By mixing absurdist humour with lashings of latex and well-integrated CGI gore, the script – by Carrie Evans, Emi Mochizuki, and Landon – strikes a delicate balance between the two, as well as including a handful of heartfelt moments to offset the seriousness of the group’s predicament. It’s this “human focus” that aids the movie tremendously, and keeps the viewer rooting for the scouts and their stripper – sorry, cocktail waitress – comrade. There’s also the ongoing fate of their scout leader, played by Koechner, a dogged, determined man for whom the real downside of being a zombie is that he has even less respect than when he was alive/human.

Scouts Guide to the Zombie Apocalypse - scene

While the quartet try to find the whereabouts of a secret party that Ben’s not-so secret crush (Sage) has gone to, the zombie hordes increase and in amongst the head blasting and the physical humour there are some nice visual flourishes, like the signpost that says Haddonfield is forty miles away, or the zombie whose T-shirt says YOLO. It’s little moments like these that add to the innate fun of the situation, and if you’re not amused by the idea of zombie cats (see above), then this really isn’t the movie for you.

The movie treads this fine line because between comedy and horror with relative ease (though some one-liners fall flat), and as the stakes increase for our merit badge warriors, the movie sees fit to put them increasingly in harms way, and to the point where you begin to suspect that one of them might not make it through either intact or alive. And when Augie (Morgan) reveals he’s put together a homemade bomb (“What are you, the Taliban?”), it’s at a point in the movie where a sacrifice wouldn’t be unexpected, and where the idea of only two of them getting out alive begins to hold some caché. Landon is good at this kind of narrative uncertainty, and gets the most out of both the script and the cast in these moments (though not forgetting that these kids are virgins, and when do virgins ever die in horror movies, 2000’s Cherry Falls aside, that is).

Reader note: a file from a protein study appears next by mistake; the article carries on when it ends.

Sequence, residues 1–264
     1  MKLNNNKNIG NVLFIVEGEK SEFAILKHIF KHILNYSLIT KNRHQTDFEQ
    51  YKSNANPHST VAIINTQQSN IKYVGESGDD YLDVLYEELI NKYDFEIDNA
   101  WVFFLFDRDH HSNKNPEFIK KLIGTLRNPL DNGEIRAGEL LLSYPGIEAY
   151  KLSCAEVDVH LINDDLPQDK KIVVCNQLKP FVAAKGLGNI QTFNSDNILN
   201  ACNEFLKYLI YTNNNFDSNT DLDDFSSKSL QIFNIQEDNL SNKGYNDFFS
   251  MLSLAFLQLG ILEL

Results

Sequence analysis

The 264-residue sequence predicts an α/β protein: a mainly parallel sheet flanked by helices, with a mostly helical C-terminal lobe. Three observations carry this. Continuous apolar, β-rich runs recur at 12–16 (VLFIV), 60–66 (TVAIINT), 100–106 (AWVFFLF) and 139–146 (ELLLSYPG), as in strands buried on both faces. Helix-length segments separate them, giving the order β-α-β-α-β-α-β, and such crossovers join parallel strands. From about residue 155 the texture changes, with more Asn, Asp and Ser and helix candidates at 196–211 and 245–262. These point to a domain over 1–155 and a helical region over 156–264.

For sheer unadulterated, occasionally sophomoric humour, the movie is a clever twist on an old formula, and it gives its teen cast more than enough chances to shine, and each of them does. Sheridan is on winning form as the nerdy looking Ben, and Miller is suitably abrasive as the self-centred, selfie-obsessed Carter. But it’s Morgan as the dedicated scout Augie who steals the show, his often wide-eyed and wondering features perfectly suited for the outlandish exploits he and his fellow scouts find themselves involved in. And praise too for Dumont, who despite being garbed in cut-down shorts and bust-enhancing top, sidesteps any accusations of sexism by making her character, Denise, easily more ballsy than any of her male comrades.

Rating: 7/10 – a hugely enjoyable horror comedy that delivers pretty much throughout, Scouts Guide to the Zombie Apocalypse has enough charm and low budget panache to meet the needs of genre fans everywhere; packed with moments to make you smile and go “Wow!” (and often at the same time), this is one horror treat that deserves cult status and to be a big hit on home video.